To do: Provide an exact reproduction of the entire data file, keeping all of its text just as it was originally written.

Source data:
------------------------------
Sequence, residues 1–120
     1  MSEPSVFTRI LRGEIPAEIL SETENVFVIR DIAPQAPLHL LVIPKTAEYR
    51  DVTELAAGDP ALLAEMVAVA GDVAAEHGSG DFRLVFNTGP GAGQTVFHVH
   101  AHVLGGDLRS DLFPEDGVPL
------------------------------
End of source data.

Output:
Sequence, residues 1–120
     1  MSEPSVFTRI LRGEIPAEIL SETENVFVIR DIAPQAPLHL LVIPKTAEYR
    51  DVTELAAGDP ALLAEMVAVA GDVAAEHGSG DFRLVFNTGP GAGQTVFHVH
   101  AHVLGGDLRS DLFPEDGVPL